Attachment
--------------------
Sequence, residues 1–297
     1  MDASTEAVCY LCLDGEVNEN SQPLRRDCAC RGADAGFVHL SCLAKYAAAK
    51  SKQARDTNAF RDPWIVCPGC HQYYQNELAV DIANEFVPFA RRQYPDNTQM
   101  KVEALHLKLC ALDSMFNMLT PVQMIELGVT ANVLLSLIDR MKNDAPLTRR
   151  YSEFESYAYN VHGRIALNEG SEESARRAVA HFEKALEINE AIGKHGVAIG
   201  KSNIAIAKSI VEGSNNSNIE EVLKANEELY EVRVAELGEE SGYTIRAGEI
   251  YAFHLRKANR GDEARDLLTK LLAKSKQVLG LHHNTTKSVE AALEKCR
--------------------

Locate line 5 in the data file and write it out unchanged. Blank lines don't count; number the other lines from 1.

   151  YSEFESYAYN VHGRIALNEG SEESARRAVA HFEKALEINE AIGKHGVAIG